2 - ReturnInterval must be greater than CalcInterval.

3 - UpperLimit cannot be the same as Lowerlimit.

NumEquations is the number of
equations in the system.

UserFuncs is type TFuncVect,
an array [1..10] of functions to be called while calculating points The calling
function for each function is : Function
UserFuncN(v:TNVector):Float; which must return a second derivative
value for the Nth dependent variable. V is an
array [0..10] of TnData records as described above.
Function type is defined with the "**of object" **condition**, **so**
**your functions should be defined within an object, usually your **TForm1**
main form object. Note that variables are numbered 1 through 10; V[0].X
is used to contain the current value of the independent variable.

CallBackFunc is the name of a
caller supplied function which receives an array of Tndata records containing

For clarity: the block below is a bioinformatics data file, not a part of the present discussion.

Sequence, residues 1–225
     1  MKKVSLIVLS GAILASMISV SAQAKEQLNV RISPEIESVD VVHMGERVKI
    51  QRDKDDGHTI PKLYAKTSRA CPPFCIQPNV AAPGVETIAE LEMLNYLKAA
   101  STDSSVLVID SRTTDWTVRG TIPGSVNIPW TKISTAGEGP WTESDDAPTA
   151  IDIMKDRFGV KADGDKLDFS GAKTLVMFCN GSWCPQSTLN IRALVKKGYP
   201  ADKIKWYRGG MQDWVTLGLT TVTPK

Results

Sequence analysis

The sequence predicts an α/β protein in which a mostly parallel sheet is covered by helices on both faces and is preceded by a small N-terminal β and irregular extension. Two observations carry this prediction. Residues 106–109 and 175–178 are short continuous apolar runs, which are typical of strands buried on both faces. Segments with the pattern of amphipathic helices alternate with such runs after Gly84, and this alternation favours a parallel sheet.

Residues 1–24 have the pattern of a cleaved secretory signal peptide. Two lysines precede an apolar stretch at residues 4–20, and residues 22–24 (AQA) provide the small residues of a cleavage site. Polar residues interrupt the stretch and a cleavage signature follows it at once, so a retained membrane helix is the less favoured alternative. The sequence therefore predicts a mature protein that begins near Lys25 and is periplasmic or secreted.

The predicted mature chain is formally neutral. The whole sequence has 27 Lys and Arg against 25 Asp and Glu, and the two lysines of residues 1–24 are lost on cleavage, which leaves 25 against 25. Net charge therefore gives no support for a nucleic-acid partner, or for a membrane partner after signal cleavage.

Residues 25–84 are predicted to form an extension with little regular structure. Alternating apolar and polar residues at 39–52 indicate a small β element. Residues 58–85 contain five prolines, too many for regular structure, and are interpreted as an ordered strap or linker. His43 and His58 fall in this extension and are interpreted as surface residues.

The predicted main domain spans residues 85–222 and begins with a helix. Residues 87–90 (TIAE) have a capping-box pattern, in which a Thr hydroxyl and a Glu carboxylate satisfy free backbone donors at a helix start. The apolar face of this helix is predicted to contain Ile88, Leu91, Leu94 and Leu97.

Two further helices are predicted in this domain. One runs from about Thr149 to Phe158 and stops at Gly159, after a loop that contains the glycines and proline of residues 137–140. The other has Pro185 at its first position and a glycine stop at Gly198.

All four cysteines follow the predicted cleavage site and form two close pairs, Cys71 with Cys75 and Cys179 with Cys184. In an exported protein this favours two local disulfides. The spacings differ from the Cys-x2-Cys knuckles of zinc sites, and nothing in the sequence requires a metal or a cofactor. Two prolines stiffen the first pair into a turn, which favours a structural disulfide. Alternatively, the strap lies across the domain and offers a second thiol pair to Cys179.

the T, X, and XPrime
values each dependent variable every ReturnInterval
increments of the independent variable. Calling sequence is Function
Test2CallBackFunc(v:TNVector):boolean; Parameters are the same as
described above - return **True** to continue the calculation, return **False**
to stop the Runge-Kutta procedure before the independent variable reaches Upperlimit.

### Running/Exploring the Program

Whew! Examining sample code will probably be an easier way
to learn how to use these routines. The code below contains two test cases from
Borland's Numerical Methods Toolbox, a simple "spring-mass" system and
"two pendulums coupled by a weak spring". Also a Simple Pendulum
I coded myself just to make sure understood the ODE part. I
added some simple animation "just for fun".